Zen Attitude (1997)
Zen Attitude (1997)
It’s not that this wasn’t a good story–it was. And it’s not that the characters weren’t vivid–they were. And it’s not like the writing wasn’t strong–it was. But there was something I just can’t put my finger on… missing from the story. Possibly the fact that the cover reads “A Novel of Suspense.” It was an interesting story and a good mystery, but I didn’t find it very suspensful.
Rei Shimura is a Japanese American antiques dealer currently living in Tokyo with her boyfriend Hugh, a Scottish businessman. When a simple purchase of an antique chest goes wrong. Rei ends up involved in a complex and confusing murder cases, and making friends with unlikely of individuals. The arrival of Hugh’s brother serves only to make Rei’s live more confusing.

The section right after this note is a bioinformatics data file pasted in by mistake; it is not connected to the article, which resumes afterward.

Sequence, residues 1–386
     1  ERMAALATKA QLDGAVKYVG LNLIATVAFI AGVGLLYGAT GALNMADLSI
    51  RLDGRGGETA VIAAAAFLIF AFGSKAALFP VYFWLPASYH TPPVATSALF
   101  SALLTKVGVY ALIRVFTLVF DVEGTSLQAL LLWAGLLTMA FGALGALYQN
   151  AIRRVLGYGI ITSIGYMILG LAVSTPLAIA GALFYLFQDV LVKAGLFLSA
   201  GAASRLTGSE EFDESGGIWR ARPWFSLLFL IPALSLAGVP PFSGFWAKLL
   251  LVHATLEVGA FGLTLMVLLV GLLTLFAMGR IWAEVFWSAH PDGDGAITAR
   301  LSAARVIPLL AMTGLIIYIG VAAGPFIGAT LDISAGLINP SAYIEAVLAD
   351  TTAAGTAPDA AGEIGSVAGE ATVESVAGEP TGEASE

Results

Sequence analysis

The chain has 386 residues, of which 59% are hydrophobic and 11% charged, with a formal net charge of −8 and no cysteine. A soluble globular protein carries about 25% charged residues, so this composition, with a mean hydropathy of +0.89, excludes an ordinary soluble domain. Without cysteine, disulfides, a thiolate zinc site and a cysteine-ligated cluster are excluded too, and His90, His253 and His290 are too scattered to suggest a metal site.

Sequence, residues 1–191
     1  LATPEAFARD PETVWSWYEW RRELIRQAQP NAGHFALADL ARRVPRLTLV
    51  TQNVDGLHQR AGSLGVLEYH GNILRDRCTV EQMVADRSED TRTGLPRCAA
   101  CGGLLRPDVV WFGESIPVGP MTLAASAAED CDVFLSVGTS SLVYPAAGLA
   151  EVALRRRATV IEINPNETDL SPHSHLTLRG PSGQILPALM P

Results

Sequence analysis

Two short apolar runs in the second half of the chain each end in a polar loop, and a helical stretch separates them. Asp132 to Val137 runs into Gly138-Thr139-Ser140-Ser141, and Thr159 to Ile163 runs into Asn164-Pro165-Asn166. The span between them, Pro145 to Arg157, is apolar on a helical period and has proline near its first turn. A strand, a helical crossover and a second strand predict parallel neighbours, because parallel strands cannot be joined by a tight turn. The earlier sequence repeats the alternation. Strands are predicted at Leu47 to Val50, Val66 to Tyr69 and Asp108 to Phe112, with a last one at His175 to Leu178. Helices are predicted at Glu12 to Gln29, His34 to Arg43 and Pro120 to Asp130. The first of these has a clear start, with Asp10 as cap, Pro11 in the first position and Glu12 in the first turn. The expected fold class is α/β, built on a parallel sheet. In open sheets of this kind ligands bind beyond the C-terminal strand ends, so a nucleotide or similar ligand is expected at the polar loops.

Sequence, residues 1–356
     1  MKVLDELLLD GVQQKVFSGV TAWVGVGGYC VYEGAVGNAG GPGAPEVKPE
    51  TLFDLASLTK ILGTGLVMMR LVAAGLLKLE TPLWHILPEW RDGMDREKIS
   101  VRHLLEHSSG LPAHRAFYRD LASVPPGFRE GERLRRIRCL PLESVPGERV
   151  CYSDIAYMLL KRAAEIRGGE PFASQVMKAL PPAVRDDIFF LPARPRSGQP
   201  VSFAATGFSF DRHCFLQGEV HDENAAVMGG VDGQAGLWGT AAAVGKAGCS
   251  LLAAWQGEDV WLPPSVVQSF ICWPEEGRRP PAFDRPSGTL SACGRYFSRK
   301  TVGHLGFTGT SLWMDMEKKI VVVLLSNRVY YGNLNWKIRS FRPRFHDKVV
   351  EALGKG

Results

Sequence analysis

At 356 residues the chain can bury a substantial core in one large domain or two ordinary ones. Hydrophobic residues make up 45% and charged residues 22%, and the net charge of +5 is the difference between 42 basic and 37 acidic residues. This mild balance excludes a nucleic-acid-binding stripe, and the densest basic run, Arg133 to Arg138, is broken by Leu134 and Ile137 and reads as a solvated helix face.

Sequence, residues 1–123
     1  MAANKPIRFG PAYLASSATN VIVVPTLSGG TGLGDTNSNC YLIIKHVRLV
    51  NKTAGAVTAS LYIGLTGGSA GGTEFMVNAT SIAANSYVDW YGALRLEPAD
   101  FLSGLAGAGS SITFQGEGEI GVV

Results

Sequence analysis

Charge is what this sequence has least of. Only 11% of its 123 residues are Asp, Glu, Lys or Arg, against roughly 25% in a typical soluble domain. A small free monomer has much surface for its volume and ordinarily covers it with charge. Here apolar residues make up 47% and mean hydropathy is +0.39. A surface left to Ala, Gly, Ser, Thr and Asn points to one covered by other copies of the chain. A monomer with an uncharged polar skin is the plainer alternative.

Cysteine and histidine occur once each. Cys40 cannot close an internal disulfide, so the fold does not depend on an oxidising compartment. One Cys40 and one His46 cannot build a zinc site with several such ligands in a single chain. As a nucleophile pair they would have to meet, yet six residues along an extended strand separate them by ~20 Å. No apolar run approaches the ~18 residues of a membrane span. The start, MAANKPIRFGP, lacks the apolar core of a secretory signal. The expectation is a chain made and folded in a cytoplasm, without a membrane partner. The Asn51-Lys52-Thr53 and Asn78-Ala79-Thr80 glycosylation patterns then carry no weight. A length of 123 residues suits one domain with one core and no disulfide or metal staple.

However, this is the second book in the series, so what I may also have been missing is the character development that occurred in the first book. Which doesn’t make this a bad book, it just makes it slightly less strong.
And there were plenty of strong points to the story. The setting in Japan was fascinating. The mystery was complex and the main characters were interesting. I particularly liked her mentor Mr. Ishada, and wish she would have spent more time with him than with Hugh and Angus.
But there were also weak points. Angus was very annoying, and I did not understand his relationship with Hugh. I have a sibling, so my feeling was that the story was written by someone who didn’t, in fact, have a sibling. Additionally, Sujata Massey’s use of pop references made the story feel more dated than it should have.
But despite those weaknesses, it was an interesting story, and an enjoyable one, even if I didn’t find it as suspenseful as the cover intimated it would be. I’ll most likely pick the next book in the series, though not right this second. I also don’t think I’ll suggest this for my grandmother, as there was a fair amount of boinking.